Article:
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PLoS One. 2016 Oct 13;11(10):e0164400. doi: 10.1371/journal.pone.0164400. eCollection 2016.

Postural Control Can Be Well Maintained by Healthy, Young Adults in Difficult Visual Task, Even in Sway-Referenced Dynamic Conditions.

Lions C1,2,3,4, Bucci MP1,2, Bonnet C5.

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UMR 1141, INSERM-Université Paris 7, Robert Debré University Hospital, Paris, France.
Vestibular and Oculomotor Evaluation Unit, ENT Department, Robert Debré University Hospital, Paris, France.
Lyon Neuroscience Research Center, INSERM U1028, CNRS UMR 5292, Claude Bernard Lyon 1 University, Lyon, France.
Department of Audiology and Otoneurological Evaluation, Hospices Civils de Lyon, Lyon, France.
SCALab, Laboratoire de Sciences Cognitives et de Sciences Affectives, UMR CNRS 9193, University of Lille, Lille, France.



To challenge the validity of existing cognitive models of postural control, we recorded eye movements and postural sway during two visual tasks (a control free-viewing task and a difficult searching task), and two postural tasks (one static task in which the platform was maintained stable and a dynamic task in which the platform moved in a sway-referenced manner.) We expected these models to be insufficient to predict the results in postural control both in static-as already shown in the literature reports-and in dynamic platform conditions.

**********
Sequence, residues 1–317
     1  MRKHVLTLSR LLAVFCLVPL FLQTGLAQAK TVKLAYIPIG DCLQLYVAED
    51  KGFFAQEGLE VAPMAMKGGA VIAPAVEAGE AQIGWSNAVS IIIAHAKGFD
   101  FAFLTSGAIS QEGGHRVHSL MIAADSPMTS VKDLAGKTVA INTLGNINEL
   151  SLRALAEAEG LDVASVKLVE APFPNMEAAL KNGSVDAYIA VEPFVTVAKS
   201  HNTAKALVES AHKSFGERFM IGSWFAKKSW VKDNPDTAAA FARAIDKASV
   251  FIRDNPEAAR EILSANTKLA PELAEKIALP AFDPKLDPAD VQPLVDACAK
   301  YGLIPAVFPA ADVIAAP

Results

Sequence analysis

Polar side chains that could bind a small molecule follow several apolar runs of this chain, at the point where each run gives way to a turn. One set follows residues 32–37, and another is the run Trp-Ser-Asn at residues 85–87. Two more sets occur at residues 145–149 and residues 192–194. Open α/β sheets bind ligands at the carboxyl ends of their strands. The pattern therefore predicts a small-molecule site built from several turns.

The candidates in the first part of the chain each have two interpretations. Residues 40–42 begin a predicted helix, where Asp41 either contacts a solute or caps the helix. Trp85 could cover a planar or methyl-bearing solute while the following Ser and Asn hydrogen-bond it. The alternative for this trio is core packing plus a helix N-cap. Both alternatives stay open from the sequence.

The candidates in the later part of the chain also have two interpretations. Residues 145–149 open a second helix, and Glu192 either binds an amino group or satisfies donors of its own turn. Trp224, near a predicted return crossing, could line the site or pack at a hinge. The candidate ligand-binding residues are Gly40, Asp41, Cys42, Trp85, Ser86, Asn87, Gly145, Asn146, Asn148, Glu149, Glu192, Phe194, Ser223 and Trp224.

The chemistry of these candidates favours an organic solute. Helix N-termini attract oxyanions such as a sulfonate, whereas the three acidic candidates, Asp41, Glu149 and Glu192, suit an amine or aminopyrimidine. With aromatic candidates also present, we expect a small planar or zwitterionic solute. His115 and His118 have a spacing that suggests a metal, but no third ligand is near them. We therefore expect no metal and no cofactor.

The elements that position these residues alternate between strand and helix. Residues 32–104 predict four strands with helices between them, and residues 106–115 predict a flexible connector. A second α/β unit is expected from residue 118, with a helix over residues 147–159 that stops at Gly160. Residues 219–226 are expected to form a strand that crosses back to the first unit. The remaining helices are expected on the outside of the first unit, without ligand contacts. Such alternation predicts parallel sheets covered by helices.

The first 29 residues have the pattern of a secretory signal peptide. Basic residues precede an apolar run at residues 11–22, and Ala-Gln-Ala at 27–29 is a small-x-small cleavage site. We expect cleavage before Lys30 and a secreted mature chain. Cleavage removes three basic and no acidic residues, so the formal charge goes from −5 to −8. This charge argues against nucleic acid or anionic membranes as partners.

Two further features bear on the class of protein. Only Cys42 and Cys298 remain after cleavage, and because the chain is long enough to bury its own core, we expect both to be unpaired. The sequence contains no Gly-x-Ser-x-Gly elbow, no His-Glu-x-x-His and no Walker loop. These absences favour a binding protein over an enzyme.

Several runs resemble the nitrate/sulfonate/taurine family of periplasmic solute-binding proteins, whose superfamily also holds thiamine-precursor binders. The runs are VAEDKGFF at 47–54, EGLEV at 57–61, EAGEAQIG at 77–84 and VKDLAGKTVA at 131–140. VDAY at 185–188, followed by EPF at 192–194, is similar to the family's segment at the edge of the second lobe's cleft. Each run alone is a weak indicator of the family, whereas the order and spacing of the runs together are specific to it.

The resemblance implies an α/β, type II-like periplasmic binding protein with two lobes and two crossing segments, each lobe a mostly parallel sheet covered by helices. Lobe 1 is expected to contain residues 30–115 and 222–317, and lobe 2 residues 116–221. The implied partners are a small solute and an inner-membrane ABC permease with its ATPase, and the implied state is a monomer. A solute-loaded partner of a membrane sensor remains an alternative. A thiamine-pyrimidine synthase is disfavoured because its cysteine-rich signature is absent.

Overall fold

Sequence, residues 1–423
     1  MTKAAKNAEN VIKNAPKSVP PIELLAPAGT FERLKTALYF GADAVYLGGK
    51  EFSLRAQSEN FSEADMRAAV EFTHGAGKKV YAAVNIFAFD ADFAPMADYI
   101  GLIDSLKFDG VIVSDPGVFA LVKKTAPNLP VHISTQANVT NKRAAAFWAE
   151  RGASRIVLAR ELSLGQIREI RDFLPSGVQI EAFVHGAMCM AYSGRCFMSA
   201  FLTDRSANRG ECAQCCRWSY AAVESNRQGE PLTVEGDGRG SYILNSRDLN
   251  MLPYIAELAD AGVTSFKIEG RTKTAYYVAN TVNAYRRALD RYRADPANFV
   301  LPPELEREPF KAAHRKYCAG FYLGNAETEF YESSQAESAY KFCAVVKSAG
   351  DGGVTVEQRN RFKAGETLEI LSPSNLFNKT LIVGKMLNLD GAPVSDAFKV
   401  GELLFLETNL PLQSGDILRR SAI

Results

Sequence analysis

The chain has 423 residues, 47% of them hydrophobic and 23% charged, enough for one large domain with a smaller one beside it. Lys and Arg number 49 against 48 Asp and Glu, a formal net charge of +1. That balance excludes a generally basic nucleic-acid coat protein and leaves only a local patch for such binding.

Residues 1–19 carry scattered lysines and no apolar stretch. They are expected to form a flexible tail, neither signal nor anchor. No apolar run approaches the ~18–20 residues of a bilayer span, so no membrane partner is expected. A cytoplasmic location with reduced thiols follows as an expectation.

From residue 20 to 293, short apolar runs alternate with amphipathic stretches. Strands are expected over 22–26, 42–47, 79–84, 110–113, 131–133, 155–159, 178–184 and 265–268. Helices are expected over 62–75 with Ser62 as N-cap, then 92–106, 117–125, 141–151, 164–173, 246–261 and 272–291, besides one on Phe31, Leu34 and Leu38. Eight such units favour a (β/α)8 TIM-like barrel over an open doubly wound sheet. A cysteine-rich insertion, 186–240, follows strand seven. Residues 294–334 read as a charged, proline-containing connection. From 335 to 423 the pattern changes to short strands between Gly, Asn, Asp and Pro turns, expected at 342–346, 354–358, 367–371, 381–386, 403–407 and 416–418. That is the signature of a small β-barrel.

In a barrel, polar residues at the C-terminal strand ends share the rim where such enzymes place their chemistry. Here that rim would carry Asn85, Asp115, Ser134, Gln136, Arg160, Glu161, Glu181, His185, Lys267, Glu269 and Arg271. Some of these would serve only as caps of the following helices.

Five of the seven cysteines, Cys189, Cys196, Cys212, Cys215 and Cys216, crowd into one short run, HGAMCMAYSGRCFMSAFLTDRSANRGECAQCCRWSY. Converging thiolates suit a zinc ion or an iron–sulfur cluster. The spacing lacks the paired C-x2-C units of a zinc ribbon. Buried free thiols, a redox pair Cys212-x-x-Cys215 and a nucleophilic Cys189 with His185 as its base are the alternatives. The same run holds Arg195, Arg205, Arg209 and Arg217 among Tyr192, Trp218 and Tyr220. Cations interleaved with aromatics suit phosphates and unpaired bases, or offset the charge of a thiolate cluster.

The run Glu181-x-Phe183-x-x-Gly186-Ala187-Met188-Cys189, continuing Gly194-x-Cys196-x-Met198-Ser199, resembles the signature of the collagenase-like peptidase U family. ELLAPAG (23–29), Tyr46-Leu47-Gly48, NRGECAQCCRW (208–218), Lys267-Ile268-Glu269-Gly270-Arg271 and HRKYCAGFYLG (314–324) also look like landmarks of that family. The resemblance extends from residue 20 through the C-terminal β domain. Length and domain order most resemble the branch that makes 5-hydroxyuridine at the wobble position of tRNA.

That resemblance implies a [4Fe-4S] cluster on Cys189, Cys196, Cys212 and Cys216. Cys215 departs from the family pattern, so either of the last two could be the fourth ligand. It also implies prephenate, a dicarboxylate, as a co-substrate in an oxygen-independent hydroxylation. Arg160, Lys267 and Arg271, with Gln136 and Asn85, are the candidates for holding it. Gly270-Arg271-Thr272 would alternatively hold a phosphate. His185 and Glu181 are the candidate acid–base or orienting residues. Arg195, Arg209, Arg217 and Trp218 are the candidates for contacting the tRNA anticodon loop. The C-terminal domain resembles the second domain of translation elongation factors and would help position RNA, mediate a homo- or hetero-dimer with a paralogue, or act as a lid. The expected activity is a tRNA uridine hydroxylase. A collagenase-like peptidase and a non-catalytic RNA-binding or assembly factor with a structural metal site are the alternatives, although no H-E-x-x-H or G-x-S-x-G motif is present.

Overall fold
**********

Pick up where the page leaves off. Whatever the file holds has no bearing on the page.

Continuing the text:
Twelve healthy, young adults (17.3 to 34.1 years old) participated in this study. Postural performances were evaluated using the Multitest platform (Framiral®) and ocular recording was performed with Mobile T2 (e(ye)BRAIN®). In the free-viewing task, the participants had to look at an image, without any specific instruction. In the searching task, the participants had to look at an image and also to locate the position of an object in the scene.


Postural sway was only significantly higher in the dynamic free-viewing condition than in the three other conditions with no significant difference between these three other conditions. Visual task performance was slightly higher in dynamic than in static conditions.


As expected, our results did not confirm the main assumption of the current cognitive models of postural control-i.e. that the limited attentional resources of the brain should explain changes in postural control in our conditions. Indeed, 1) the participants did not sway significantly more in the sway-referenced dynamic searching condition than in any other condition; 2) the participants swayed significantly less in both static and dynamic searching conditions than in the dynamic free-viewing condition. We suggest that a new cognitive model illustrating the adaptive, functional role of the brain to control upright stance is necessary for future studies.

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